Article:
Hybrid BSC RS/Life Session/BioInfo4Women Seminar: Towards controlled protein design with deep unsupervised models

Date: 04/Jul/2022 Time: 12:00

Hybrid seminar: Sala d'Actes de la FiB and zoom, with required registration

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Abstract: The design of proteins with specific functions has the potential to tackle biomedical, environmental, and industrial challenges in a biodegradable and cost-effective manner. Traditional protein design approaches have relied on finding the global energy minima of a multidimensional landscape defined with physicochemical based energy functions1. In this sense, we recently developed Fuzzle2,3, a database of reused protein fragments that Nature has reused over the course of evolution. These fragments are amenable for large-scale chimeragenesis with Protlego4, thus laying the background for designing novel functions by combining protein blocks in a Lego-like manner. Nevertheless, in recent years we are witnessing an explosion of Artificial Intelligence (AI) methods that are impacting virtually all areas of research and our daily lives. Natural Language Processing (NLP) is producing models capable of translating, understanding, and generating text with human capabilities. Given the many similarities between human languages and protein sequences5, using NLP methods for protein research opens a new unexploited door for protein design. Recently, inspired by the GPT-x language models, we trained ProtGPT2, a deep unsupervised language model that has learned the protein language upon being trained on the entire protein space6. ProtGPT2 is capable of generating protein sequences in unseen regions of the protein space while preserving natural-like properties. The inclusion of annotation tags during training will allow the directed generation of specific functions. Coupling the generation process to methods like high-throughput molecular dynamics7,8 will enable variant selection before experimentations. Recent developments in AI methods and their possible impact on protein design will be discussed.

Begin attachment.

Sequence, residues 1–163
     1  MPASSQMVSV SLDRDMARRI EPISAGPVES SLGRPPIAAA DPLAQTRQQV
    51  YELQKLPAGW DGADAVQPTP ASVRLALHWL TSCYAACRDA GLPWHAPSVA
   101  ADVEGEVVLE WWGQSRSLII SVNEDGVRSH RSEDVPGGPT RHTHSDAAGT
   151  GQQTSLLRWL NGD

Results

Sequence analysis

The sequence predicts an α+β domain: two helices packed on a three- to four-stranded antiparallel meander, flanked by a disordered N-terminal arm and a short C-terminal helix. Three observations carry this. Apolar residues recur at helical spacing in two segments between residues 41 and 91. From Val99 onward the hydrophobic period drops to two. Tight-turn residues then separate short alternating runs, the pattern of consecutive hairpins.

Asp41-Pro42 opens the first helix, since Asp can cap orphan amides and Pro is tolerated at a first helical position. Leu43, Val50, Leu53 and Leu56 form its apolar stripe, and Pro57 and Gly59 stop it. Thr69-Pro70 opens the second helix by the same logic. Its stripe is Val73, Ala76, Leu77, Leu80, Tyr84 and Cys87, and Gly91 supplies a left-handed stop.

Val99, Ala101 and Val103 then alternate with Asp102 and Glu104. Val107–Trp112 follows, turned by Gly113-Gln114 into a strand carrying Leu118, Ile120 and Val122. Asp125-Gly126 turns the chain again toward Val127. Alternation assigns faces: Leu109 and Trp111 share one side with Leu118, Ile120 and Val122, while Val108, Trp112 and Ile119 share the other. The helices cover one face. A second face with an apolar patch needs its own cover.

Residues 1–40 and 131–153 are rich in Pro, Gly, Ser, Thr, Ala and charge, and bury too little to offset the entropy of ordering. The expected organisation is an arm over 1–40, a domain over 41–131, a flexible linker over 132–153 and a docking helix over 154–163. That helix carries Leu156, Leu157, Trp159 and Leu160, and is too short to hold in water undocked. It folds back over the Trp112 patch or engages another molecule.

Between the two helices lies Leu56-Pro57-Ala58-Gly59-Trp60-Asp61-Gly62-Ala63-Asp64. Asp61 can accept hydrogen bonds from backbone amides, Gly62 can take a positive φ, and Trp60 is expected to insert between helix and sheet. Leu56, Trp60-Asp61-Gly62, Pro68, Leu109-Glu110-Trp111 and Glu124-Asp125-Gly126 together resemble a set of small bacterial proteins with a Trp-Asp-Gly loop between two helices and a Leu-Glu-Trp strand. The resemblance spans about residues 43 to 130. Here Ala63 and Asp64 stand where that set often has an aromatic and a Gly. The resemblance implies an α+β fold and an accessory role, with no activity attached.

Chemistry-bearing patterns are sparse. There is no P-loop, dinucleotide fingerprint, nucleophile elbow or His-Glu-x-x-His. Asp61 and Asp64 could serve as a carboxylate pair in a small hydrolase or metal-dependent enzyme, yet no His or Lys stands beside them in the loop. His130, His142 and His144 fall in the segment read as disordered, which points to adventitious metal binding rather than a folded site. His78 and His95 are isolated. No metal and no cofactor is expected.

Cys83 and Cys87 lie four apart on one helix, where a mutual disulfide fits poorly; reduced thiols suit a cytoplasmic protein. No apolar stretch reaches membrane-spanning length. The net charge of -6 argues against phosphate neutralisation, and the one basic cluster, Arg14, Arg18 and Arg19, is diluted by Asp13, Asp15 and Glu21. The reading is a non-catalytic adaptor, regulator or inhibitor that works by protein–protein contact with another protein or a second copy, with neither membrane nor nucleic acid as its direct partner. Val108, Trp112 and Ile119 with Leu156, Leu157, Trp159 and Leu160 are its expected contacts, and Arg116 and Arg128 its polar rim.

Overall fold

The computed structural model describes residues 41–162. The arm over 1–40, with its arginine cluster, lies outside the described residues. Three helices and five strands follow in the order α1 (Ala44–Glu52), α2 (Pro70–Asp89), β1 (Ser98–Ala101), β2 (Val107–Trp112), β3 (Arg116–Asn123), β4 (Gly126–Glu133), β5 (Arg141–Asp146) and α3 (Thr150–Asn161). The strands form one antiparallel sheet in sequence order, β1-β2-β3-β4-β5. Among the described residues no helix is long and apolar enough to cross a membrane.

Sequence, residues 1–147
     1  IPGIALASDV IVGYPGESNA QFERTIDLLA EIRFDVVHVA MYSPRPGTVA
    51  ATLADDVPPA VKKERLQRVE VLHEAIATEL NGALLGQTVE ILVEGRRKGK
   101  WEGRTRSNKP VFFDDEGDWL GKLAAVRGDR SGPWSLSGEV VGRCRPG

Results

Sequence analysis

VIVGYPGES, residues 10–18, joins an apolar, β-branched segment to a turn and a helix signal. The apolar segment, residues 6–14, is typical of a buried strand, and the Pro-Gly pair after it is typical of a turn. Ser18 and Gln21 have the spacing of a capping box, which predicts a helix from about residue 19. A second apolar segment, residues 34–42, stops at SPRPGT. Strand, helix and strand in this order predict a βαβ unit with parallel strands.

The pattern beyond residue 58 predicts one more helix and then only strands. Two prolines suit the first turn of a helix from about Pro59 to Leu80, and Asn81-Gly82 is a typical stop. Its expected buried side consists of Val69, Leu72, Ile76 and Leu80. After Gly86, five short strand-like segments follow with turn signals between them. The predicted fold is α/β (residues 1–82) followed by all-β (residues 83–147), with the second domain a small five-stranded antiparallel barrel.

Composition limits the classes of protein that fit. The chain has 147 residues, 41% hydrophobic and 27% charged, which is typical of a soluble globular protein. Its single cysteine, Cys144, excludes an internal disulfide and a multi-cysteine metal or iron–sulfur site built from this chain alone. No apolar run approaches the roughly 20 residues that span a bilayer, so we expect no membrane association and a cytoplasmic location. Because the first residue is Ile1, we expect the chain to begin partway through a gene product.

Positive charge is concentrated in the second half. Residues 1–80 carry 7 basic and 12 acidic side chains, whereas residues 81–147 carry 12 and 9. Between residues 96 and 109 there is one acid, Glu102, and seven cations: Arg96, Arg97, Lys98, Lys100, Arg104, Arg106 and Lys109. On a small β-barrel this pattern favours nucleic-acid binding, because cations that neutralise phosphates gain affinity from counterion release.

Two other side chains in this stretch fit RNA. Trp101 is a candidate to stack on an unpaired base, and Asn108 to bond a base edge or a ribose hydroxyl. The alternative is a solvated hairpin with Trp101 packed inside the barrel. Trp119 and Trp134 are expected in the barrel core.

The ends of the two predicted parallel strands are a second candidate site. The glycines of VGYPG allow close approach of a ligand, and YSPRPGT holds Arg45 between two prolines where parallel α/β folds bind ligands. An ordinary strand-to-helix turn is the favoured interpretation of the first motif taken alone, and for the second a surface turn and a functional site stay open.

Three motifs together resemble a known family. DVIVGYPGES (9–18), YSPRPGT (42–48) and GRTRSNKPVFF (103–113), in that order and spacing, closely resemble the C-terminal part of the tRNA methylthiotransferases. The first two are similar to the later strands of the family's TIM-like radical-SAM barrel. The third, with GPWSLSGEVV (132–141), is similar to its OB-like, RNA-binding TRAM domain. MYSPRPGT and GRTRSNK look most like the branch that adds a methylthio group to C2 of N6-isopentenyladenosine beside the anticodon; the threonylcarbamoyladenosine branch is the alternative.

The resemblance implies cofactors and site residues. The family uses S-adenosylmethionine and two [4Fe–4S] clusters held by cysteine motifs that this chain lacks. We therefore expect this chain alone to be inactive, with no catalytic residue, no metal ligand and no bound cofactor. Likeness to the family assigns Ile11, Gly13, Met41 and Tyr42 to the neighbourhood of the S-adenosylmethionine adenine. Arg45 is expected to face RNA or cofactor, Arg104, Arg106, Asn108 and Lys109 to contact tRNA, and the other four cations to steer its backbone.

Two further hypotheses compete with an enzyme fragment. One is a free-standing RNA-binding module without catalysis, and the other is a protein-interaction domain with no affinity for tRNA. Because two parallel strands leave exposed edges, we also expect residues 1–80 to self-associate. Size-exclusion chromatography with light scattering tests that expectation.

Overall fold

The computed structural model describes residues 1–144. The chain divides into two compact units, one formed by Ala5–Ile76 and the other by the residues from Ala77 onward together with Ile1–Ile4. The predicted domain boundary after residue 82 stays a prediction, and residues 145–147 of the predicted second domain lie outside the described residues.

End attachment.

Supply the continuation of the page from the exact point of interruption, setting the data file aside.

1. Lechner, H., Ferruz, N. & Höcker, B. Strategies for designing non-natural enzymes and binders. Current Opinion in Chemical Biology vol. 47 67–76 (2018).
2. Ferruz, N. et al. Identification and Analysis of Natural Building Blocks for Evolution-Guided Fragment-Based Protein Design. J. Mol. Biol. 432, 3898–3914 (2020).
3. Ferruz, N., Michel, F., Lobos, F., Schmidt, S. & Höcker, B. Fuzzle 2.0: Ligand Binding in Natural Protein Building Blocks. Front. Mol. Biosci. 8, 805 (2021).
4. Ferruz, N., Noske, J. & Höcker, B. Protlego: A Python package for the analysis and design of chimeric proteins. Bioinformatics (2021) doi:10.1093/bioinformatics/btab253.
5. Ferruz, N. & Höcker, B. Controllable Protein design with Language Models. Nat. Mach. Int, manuscript accepted. (2022).
6. Ferruz, N., Schmidt, S. & Höcker, B. A deep unsupervised language model for protein design. bioRxiv 2022.03.09.483666 (2022) doi:10.1101/2022.03.09.483666.
7. Ferruz, N., Harvey, M. J., Mestres, J. & De Fabritiis, G. Insights from Fragment Hit Binding Assays by Molecular Simulations. J. Chem. Inf. Model. 55, 2200–2205 (2015).
8. Ferruz, N. et al. Dopamine D3 receptor antagonist reveals a cryptic pocket in aminergic GPCRs. Sci. Rep. 8, 1–10 (2018).

Short bio: Noelia Ferruz studied Chemistry at the University of Zaragoza and did an MSc in Bioinformatics at the University Pompeu Fabra (Barcelona, Spain). She undertook her PhD in the field of Computational Biophysics at the Barcelona Biomedical Research Park (PRBB). After a short stay as a postdoctoral researcher in the neuroscience department in Pfizer, Boston, she did her postdoc in Bayreuth, Germany, in the protein design group of Prof. Birte Höcker. Since April, she has been a Beatriu de Pinós Fellow at the Institute of Informatics and Applications at the University of Girona, where she focuses on implementing neural models for protein engineering and design.


Speaker: Noelia Ferruz, Beatriu de Pinós Fellow at the Institute of Informatics and Applications at the University of Girona
Host: Alfonso Valencia, BSC Life Sciences department director